The arbitration panel found that Quinn Emanuel told Cosby’s personal lawyer and “general counsel,” Monique Pressley, of the potential conflict, but not the actor himself, and voided Cosby’s 2015 contract with the law firm that included $1 million retainer. However, the panel found the potential conflict never caused Cosby any harm, and the firm did solid work for Cosby.

The Quinn Emanuel team was led by partner Christopher Tayback, the son of the late actor Vic Tayback. Quinn Emanuel lawyers charged about $500 to $1,000 an hour. Cosby is seeking refunds of the approximately $4.3 million he has paid the firm, while the arbitration panel ordered him to pay an additional $2.4 million, for a total of about $6.7 million.

Cosby said that, given his age and blindness, he did not understand the scope of the work or other parts of the contract when he signed it in October 2015. The firm worked on the case, along with local lawyer Brian McMonagle and others, through Cosby’s arrest two months later and several key pretrial hearings. They parted ways with Cosby less than a year later, long before his first criminal trial in June 2017 or the April 2018 retrial, when he was convicted of drugging and molesting a woman at his Philadelphia-area home in 2004.

The Quinn Emanuel team was among more than a dozen lawyers to help Cosby defend a dizzying array of legal problems across the country as dozens of women came forward to accuse him of sexual misconduct or defamation. The firm was hired to work on civil cases involving just three accusers, but its work grew to include cases involving 10 women, and 40 “same-act” witnesses lodging similar accusations, across the country, according to the arbitration papers.

Over nine months of work, the firm said it racked up more than 11,000 hours of work by lawyers, along with costs including $300,000 in online searches and $48,000 for a lawyer’s work reading two gossip novels and a book about the Playboy Mansion, where one of the alleged Cosby assaults occurred. The retired judges on the arbitration panel rejected those two items.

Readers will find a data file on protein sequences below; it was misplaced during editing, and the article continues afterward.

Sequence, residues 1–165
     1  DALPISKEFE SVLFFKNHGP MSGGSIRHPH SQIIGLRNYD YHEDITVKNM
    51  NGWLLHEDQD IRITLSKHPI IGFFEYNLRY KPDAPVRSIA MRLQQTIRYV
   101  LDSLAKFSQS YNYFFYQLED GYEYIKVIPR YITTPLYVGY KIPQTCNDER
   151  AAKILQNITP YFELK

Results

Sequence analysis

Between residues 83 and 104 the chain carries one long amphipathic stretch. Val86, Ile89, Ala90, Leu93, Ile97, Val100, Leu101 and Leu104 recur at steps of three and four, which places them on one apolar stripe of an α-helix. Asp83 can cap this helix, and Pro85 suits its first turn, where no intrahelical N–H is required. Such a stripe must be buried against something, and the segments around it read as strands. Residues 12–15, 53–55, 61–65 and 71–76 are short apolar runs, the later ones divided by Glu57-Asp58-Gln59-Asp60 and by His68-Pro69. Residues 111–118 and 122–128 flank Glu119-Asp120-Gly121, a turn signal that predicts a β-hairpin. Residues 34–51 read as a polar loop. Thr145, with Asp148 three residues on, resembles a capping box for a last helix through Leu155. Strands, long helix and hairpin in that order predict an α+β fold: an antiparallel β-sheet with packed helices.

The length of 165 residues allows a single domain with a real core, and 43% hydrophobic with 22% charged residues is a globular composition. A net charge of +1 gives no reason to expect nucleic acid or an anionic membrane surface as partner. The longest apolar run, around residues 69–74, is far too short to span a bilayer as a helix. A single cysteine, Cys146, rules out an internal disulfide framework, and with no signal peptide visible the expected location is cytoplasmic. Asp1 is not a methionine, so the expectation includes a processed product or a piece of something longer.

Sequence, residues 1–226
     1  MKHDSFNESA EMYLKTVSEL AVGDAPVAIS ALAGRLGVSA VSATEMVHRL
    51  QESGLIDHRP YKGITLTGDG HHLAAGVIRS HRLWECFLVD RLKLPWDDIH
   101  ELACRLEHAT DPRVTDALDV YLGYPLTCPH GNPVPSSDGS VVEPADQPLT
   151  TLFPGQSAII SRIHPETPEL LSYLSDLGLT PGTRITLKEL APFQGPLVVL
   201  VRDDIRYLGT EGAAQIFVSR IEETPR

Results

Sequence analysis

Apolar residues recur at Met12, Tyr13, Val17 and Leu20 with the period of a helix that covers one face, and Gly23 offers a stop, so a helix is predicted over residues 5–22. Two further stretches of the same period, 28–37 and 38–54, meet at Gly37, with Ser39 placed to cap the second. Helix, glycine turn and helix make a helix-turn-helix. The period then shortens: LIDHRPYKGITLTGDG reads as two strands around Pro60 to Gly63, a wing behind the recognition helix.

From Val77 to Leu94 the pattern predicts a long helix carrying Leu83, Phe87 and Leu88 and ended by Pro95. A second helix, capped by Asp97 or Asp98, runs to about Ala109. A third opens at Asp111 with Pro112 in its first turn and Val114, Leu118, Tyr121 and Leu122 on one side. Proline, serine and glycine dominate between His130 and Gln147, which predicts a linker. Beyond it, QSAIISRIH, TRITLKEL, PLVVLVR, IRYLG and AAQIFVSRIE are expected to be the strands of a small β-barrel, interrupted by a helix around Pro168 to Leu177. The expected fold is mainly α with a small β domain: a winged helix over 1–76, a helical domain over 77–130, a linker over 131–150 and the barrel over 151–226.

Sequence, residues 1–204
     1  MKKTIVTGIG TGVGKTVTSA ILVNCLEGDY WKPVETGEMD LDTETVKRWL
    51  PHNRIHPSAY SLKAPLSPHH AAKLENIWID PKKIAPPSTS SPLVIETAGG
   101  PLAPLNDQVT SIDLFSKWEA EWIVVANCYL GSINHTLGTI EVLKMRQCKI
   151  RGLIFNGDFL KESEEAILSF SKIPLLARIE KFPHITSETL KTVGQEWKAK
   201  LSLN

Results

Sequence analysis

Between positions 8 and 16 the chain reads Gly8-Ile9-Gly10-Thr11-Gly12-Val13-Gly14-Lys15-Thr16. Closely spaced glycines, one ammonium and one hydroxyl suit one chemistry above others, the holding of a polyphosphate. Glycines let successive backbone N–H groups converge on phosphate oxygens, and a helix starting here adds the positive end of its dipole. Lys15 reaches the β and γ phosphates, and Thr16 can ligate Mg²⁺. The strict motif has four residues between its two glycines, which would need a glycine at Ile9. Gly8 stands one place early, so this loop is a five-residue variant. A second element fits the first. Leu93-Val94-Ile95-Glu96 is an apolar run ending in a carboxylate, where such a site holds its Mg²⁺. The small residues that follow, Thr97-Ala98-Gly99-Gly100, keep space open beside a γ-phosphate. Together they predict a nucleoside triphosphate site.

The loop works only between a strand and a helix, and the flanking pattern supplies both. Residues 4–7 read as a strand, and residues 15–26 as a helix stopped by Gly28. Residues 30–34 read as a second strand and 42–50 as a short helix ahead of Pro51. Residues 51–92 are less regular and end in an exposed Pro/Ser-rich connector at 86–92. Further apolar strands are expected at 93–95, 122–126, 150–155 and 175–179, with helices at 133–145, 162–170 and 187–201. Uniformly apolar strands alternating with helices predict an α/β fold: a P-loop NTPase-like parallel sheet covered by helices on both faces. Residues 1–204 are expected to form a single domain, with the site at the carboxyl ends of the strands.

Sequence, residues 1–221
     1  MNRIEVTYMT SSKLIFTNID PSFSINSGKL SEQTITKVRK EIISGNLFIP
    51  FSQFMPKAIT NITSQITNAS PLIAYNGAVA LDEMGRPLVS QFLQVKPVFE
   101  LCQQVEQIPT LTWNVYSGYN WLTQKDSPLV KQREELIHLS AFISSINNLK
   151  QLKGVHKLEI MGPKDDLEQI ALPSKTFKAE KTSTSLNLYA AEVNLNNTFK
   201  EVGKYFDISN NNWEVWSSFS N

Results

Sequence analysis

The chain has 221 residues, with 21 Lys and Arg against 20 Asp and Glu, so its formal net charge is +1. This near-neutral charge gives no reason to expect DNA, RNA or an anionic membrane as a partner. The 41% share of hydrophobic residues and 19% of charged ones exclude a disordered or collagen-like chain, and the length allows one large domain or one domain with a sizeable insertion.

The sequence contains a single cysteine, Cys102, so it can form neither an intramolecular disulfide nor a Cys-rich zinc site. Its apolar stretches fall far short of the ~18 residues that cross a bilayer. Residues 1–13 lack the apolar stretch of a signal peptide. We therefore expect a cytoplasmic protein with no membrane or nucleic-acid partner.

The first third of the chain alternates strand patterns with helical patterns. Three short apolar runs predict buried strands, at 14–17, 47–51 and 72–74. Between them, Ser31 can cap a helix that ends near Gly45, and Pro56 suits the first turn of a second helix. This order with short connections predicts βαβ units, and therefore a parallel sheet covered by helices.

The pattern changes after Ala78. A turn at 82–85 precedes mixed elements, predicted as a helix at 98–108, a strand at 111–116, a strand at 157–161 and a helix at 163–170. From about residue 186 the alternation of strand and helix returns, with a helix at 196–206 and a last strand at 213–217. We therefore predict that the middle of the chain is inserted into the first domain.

The law firm did not immediately return a message left late Monday seeking comment. Cosby spokesman Andrew Wyatt said he has not been involved in the fee dispute, which echoes an earlier lawsuit, later settled, that a Philadelphia firm lodged against Cosby over unpaid legal bills.

Cosby is serving a three- to 10-year prison term after he was convicted at a 2018 retrial near Philadelphia. He is appealing the conviction.

by MediaExpert

FC Bayern Opens 1st African Soccer School in Ethiopia

German champion football club Bayern Munich has signed an agreement to open its first soccer school in Africa, locating it in Addis Ababa, Ethiopia.

FC Bayern Munich told VOA’s Horn of Africa Service that it is inspired by the young football players and fans in Ethiopia, which is ranked 150th worldwide, according to the international soccer governing body, FIFA.

“Two-thirds of the Ethiopian population is younger than 25 years. We will support the Ethiopian Football Federation (EFF) in terms of young development and coaches education programs,” Holger Quest, team leader of media operations at FC Bayern Munich, told VOA. 

Last week, Bavarian Prime Minister Markus Soeder, other state officials and FC Bayern executive board members traveled to Addis Ababa to sign the agreement.